ASP.NET is configured with XML files. The base server-wide configuration file is called machine.config, described in the next section, “Hierarchical Configuration.” This is supplemented by an optional server-wide web.configuration file located in the same directory as machine.config, and a number of application-specific configuration files, all called web.config, located in the application root directory and subdirectories.
The XML files that control the configuration can be edited with any standard text editor. It is not necessary to use the IIS control panel, as was the case with classic ASP. Although the configuration files can be edited in any text editor, VS2005 and IIS provide UIs for editing the most common configurations.
Since the configuration is accomplished with XML files and since these files are text, it is easy to administer your configuration remotely. Files can be created or edited from a development machine and then copied into place via FTP or remote network access by anyone with suitable security clearance. There is no need for the developer to be physically present at the server machine hosting the application in order to perform configuration chores, as was the case with classic ASP.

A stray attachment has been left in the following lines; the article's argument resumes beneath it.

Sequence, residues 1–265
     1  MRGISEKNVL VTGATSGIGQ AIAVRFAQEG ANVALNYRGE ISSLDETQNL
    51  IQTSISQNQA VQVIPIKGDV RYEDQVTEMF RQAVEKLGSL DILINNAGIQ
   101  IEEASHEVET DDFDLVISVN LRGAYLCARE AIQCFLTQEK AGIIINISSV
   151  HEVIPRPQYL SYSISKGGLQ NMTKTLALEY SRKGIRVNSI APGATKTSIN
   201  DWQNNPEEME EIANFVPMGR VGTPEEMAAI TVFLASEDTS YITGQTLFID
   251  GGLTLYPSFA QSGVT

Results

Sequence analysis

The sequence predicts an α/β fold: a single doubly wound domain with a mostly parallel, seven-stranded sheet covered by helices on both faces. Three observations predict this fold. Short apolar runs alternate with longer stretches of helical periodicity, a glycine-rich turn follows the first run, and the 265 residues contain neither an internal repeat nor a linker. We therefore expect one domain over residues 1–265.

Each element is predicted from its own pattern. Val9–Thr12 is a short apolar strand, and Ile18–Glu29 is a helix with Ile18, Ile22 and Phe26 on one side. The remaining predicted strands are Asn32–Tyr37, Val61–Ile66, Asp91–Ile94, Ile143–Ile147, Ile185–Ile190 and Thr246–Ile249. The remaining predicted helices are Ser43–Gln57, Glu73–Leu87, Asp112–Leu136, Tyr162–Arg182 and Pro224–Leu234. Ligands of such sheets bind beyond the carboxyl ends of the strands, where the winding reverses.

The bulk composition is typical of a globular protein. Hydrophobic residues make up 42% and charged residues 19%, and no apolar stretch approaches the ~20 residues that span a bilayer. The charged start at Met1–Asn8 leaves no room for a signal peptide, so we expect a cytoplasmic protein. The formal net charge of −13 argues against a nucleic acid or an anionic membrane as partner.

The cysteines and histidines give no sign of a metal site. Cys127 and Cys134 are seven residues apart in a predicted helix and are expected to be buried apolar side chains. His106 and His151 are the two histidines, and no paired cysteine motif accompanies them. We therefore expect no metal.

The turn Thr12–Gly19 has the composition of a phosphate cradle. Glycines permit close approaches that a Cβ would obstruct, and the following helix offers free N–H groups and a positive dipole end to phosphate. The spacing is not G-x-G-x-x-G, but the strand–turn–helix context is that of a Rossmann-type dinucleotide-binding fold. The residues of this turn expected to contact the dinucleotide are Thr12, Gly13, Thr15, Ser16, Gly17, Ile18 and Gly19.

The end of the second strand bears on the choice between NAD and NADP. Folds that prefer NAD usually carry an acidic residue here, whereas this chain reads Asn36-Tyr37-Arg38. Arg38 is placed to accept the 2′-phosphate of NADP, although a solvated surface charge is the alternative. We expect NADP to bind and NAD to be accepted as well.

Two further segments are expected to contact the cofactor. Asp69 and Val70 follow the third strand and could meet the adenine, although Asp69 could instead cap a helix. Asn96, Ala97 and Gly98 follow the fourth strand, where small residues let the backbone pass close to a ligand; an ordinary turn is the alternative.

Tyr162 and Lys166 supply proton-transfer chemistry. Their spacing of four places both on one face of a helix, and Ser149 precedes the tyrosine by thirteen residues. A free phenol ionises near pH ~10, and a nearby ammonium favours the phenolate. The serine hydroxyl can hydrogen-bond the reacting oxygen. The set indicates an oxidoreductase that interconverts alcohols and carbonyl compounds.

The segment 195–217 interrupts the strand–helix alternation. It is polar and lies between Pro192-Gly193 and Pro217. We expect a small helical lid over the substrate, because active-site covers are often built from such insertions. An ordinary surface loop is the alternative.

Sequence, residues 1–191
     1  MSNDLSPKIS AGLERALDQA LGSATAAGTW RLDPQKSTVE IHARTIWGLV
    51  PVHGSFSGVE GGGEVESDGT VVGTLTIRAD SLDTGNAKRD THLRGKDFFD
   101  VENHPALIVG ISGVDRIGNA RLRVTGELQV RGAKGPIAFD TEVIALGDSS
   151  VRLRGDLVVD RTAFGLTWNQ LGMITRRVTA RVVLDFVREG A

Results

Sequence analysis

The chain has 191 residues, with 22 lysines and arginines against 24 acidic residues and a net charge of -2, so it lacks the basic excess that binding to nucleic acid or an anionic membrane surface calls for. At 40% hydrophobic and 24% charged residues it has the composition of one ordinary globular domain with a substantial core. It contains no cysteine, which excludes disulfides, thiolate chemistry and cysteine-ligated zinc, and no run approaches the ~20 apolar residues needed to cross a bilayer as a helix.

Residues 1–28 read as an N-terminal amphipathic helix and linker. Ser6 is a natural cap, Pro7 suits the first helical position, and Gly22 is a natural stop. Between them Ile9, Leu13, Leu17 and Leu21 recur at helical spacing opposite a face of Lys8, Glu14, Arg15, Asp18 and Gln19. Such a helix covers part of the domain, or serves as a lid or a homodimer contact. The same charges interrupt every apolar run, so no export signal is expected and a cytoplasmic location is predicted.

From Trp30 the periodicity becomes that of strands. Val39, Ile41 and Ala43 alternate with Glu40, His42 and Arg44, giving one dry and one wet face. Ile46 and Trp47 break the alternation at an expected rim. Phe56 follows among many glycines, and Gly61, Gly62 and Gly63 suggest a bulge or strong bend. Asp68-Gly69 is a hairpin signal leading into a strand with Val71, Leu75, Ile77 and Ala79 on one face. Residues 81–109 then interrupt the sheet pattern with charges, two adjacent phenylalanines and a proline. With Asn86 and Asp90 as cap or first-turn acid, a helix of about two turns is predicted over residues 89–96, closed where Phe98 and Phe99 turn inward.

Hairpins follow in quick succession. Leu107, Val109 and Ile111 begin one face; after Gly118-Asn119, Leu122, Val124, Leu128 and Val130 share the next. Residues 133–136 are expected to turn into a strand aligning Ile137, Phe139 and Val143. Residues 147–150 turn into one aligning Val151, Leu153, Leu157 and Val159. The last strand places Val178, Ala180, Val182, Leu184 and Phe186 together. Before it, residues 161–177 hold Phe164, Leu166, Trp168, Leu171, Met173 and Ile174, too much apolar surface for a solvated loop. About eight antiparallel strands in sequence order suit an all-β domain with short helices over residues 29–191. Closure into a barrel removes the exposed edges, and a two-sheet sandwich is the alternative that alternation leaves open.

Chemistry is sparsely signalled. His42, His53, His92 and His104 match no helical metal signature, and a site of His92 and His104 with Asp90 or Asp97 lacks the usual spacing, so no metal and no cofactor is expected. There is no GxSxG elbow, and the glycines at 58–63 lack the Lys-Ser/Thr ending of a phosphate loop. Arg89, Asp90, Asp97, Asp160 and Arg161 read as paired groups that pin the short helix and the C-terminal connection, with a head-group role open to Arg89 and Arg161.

The configuration system is hierarchical . Each application inherits a baseline configuration from machine.config, located on the server. An optional web.config file, located in the same folder as machine.config, layers on top of that baseline configuration. ...